Sports history hits home at museum

The opening of Sports Legends at Camden Yards, an extension of the Babe Ruth museum, draws the Bambino's daughter and Preakness paradegoers to Baltimore's latest cultural site.

May 15, 2005|By Jamie Stiehm | Jamie Stiehm,SUN STAFF

The Westside Preakness Parade, replete with marching bands and cheerleaders, renewed a venerable tradition yesterday as it streamed along Eutaw Street. But the procession ended at the doorstep of Baltimore's latest sports-culture attraction.

The true main event for crowds gathered downtown was the grand opening of Sports Legends at Camden Yards, a museum in the former Baltimore and Ohio Railroad station that showcases Maryland sports and social history.

Fifteen years in the making, the attraction is an extension of the Babe Ruth Birthplace and Museum on Emory Street, near the neighborhood where Ruth spent his youth in an orphanage. Yesterday's opening ceremony brought Ruth's daughter back to Baltimore.

Julia Ruth Stevens, an effervescent 87-year-old who divides her time between New Hampshire and Arizona, said the invitation to ride in the parade before an event honoring her father was too much to resist.

"It's just fabulous; I can't get over this museum," Stevens said yesterday as people milled about looking at the array of multimedia exhibits.

Ruth's meager upbringing in St. Mary's Industrial School was a marked contrast to his experiences later in life, Stevens said, particularly his glory years with the New York Yankees.

"Daddy was amazed and thrilled at everything outside the grounds of St. Mary's, even elevators," she said. "He loved New York."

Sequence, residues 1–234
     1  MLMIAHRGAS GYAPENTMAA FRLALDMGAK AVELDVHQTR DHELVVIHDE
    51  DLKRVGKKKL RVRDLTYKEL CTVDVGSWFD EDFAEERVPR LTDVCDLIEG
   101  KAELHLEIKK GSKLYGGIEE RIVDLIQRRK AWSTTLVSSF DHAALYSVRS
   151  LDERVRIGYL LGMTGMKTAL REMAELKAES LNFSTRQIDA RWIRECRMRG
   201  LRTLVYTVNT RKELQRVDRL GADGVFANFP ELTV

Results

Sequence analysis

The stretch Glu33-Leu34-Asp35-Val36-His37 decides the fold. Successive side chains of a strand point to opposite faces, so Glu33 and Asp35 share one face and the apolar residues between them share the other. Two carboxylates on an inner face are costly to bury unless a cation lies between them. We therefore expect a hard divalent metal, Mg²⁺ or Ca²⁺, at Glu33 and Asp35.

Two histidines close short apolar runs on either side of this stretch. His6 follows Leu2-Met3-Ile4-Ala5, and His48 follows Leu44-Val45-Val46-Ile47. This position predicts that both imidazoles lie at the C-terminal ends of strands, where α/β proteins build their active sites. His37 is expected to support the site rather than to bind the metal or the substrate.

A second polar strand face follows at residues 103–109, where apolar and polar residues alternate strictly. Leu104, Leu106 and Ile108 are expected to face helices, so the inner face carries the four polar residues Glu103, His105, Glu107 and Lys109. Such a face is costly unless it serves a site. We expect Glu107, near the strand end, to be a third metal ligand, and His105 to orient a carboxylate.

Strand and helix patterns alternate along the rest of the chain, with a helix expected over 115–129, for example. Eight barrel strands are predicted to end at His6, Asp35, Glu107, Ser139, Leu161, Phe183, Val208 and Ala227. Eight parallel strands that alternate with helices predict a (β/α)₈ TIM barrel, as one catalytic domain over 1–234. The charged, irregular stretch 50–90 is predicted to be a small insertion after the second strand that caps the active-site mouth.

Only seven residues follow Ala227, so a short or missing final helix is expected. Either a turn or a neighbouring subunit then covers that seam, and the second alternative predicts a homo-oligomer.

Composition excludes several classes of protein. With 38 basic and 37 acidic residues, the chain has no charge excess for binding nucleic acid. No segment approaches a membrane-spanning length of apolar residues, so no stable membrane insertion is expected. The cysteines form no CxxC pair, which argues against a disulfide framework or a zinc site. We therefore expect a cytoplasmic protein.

Inside the museum, hometown heroes are amply honored, from Jack Dunn, the Orioles owner who discovered Ruth; to Johnny Unitas, the legendary Colts quarterback who donated his memorabilia to the museum five days before he died; to Michael Phelps, the swimmer who won six gold medals at the 2004 Summer Olympics in Athens.

Artifacts include a display of Colts marching band uniforms and the nostalgic fight song, as well as a few seats from the demolished Memorial Stadium, from which visitors can view a National Football League video about the glory days of the Colts.

The dark day in 1984 when owner Robert Irsay absconded with the Colts to Indianapolis is duly represented, with recordings of talk radio that museum Executive Director Mike Gibbons recorded. He knew then they would have a place in posterity, he said.

A compelling exhibit on the Negro leagues and another on the "Oriole Way" of proper baseball are genuine articles of social history. And the museum makes sure to inform visitors that duckpin bowling was invented here, and that Title IX opened the door in Maryland and elsewhere for girls to compete in school sports.

Gibbons, who said he dreamed up the concept for such a museum years ago, showed off a prized piece in the collection: film footage of a famous home run by Ruth in Chicago's Wrigley Field in 1932. The black-and-white frames show the famed slugger as he apparently "called the shot," brashly pointing to where he planned to deposit a home run.

Gibbons said the $16 million Sports Legends museum had taken a dozen years to advance from approval to develop Camden Station to yesterday's opening. The stately structure, designed as a railroad station, stands near the warehouse familiar to many as an integral element of Oriole Park.

Starting with music of the 1890s, the atmosphere is meant to transport visitors in time. One room contains a train conductor, seats and a sense of movement, a graceful nod to the ghost of the old station.

"This is a journey we take you on, where we present the drama and theater of sport," Gibbons said.

Along with the positive responses from many sports fans, devotees of preservation said they were pleased to see that the museum retained echoes of the past. "We were happy that there is a gentlemen's waiting room," said Duane E. Tressler, dressed in Union Army clothes. "At least it's not being ignored."

"As a sports fan, I'll have to go back, but the history of that railroad station is bloody, starting with the first blood spilled in the Civil War," said Tressler, who belongs to the Friends of the President Street Station, a historic preservation group.

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